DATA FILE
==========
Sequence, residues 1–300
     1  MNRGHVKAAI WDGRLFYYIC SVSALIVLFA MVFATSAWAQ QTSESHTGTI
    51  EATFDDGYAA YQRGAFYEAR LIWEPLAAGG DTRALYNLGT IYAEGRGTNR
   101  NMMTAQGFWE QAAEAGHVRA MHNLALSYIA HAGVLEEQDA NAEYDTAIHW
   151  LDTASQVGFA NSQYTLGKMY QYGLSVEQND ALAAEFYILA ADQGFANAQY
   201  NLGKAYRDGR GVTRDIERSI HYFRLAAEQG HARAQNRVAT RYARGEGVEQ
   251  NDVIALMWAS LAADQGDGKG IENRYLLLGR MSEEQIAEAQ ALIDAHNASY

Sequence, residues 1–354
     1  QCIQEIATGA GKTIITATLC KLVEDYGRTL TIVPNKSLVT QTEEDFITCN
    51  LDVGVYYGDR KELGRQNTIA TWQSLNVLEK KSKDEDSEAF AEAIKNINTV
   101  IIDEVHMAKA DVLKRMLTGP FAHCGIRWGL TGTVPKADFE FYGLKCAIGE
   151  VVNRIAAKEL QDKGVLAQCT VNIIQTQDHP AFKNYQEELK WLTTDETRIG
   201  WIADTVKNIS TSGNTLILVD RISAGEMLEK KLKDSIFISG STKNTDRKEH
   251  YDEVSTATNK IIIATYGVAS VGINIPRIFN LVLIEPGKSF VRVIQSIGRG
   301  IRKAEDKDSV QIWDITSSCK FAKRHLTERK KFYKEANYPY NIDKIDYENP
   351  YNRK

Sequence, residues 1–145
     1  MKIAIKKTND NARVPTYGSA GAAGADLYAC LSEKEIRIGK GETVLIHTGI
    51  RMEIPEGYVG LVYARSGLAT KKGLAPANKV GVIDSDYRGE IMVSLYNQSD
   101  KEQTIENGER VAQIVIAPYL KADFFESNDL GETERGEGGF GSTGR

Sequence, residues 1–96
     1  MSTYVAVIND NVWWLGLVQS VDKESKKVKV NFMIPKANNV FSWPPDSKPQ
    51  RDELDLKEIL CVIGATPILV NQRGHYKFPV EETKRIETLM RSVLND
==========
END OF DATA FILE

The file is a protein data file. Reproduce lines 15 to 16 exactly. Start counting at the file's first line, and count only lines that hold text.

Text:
   301  IRKAEDKDSV QIWDITSSCK FAKRHLTERK KFYKEANYPY NIDKIDYENP
   351  YNRK